This is just like the tree you'd see when you click "Show Callers"
in the Plug-in Dependencies view, except it only includes dependencies
that re-export. Rather than waste 234 lines to reproduce it in all
its glory, I'll just say that it includes almost every last plug-in in
EMF. Trying to propagate version changes through these huge trees
of re-exporting dependencies in EMF would be difficult to manage and prone
to introducing error.
Moreover, I believe the results would differ only marginally from treating
all of EMF as a single monolithic unit, and simply incrementing all of
our plug-ins' versions in step each cycle. And that was precisely
the practice that these versioning guidelines were intended to put an end
So just following the rules doesn't seem to be a reasonable solution.
After giving it some thought, the EMF team was able to come up with two
1. Remove our re-exports
We could improve the situation simply by removing all the unnecessary re-exports
in our plug-ins. We would have to change our own plug-ins to explicitly
require all of their dependencies, which of course wouldn't be a problem.
The problem is that this would be a breaking change, probably for almost
all of our clients. The fix would be trivial: just use the excellent
PDE tools to explicitly add missing dependencies. But is that something
that people would find overly disruptive?
This should probably be considered a change of API, so we would have to
increment the major version numbers of all affected plug-ins. But,
we're planning such a version change anyway, when we build our plug-ins
to target Java 5. So, this would seem an ideal opportunity to make
this kind of change, leaving us in a good position to do versioning correctly
in the future. This is our preference.
2. Ignore the rule and treat re-exported plug-ins independently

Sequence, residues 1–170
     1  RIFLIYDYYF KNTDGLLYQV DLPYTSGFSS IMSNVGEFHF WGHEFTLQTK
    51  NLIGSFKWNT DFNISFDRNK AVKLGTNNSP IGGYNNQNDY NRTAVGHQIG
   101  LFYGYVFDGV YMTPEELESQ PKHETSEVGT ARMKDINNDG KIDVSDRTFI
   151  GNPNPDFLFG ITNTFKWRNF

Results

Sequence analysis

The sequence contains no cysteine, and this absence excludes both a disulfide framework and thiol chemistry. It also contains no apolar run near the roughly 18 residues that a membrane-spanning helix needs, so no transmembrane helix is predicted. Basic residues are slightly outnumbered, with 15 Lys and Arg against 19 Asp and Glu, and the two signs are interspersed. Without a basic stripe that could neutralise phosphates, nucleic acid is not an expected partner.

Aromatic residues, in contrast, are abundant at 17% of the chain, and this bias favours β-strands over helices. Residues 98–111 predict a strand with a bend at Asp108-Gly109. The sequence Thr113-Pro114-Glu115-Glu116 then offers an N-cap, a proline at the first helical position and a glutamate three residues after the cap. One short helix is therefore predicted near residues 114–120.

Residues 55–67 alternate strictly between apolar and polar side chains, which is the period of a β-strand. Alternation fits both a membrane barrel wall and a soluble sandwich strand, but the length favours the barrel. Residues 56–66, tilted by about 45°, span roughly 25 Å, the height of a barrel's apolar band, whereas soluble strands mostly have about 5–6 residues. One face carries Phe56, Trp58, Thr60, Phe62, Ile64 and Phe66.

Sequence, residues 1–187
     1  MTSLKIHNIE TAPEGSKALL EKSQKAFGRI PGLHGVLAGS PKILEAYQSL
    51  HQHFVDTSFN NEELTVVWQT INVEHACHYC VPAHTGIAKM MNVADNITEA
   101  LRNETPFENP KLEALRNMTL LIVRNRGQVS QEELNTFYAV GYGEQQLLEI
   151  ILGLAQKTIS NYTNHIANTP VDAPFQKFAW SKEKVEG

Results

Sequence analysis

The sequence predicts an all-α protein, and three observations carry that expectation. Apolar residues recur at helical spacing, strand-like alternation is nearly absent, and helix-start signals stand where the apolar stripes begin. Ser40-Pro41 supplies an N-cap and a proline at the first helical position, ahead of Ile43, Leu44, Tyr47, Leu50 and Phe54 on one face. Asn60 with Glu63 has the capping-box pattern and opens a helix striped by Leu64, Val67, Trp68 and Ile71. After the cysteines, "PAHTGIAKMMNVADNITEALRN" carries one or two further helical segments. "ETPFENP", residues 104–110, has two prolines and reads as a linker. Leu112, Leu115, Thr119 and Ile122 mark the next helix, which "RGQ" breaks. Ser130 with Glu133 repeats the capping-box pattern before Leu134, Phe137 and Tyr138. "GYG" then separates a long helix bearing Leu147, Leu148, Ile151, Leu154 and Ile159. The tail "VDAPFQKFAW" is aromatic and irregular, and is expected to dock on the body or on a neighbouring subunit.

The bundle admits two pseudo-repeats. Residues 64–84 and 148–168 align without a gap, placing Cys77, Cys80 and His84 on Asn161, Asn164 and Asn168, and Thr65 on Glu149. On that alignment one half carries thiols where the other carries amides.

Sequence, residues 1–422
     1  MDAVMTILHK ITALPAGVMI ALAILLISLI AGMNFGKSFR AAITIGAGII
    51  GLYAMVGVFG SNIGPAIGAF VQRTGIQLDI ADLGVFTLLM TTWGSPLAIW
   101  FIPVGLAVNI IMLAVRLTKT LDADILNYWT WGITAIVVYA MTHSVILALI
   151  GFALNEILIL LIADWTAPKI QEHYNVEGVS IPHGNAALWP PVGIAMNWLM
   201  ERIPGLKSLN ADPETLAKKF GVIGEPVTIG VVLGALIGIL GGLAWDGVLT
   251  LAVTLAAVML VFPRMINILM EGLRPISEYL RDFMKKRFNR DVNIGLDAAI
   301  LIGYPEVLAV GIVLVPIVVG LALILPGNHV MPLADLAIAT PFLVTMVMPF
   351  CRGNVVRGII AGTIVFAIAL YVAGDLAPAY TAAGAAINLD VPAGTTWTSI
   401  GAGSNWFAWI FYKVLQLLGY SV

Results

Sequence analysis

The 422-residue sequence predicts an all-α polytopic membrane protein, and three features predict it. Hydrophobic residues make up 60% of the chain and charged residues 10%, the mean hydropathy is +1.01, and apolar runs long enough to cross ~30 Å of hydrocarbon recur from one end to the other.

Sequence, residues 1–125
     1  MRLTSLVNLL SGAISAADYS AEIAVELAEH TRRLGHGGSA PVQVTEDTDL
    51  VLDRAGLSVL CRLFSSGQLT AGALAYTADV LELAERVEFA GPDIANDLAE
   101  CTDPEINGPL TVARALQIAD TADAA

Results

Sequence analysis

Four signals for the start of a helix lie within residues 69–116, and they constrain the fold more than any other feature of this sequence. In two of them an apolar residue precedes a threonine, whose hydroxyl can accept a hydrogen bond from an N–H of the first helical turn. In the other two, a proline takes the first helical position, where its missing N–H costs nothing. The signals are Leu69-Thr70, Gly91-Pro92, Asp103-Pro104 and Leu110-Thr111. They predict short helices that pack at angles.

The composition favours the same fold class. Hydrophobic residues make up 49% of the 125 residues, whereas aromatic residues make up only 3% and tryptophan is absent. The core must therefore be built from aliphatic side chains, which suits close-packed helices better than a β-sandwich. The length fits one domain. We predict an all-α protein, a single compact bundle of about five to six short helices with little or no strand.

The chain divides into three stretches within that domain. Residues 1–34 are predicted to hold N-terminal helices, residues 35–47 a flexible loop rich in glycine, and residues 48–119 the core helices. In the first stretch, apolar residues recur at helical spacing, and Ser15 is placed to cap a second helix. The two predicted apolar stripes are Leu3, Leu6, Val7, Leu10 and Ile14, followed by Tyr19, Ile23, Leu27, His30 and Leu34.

We could pretend that we never started re-exporting plug-ins in the first
place, and just increment plug-in versions based only on their own changes.
This would save those who aren't concerned interested in strict per-plug-in
versioning from facing newly broken dependencies, and would still communicate
something useful, but would not respect the expectations of those who are
relying on strict plug-in versioning.
One idea we came up with was a new feature for Equinox: if a new directive
could be recognized on Require-Bundle to mean "ignore any of this
dependency's re-exports", then we could provide proper plug-in versioning
(by not considering re-exported plug-ins) for those who choose to "opt
in" by using this directive when they depend on our plug-ins. Alternatively,
it could just be a development-time feature in the Plug-in Manifest Editor.
By enabling it, re-exported plug-ins would be ignored, and people
could use the tool to add all their dependencies as explicitly required.
This seems like something that could be generally applicable in situations
like ours, where re-exports have been used in the past, resulting in a
non-modular set of plug-ins. However, if this isn't a widely shared
problem, or if this idea is viewed as just adding more complexity, then
that would seem to support option 1 as the best way to go.
Any input would be greatly appreciated.
Rational Software - IBM Toronto Lab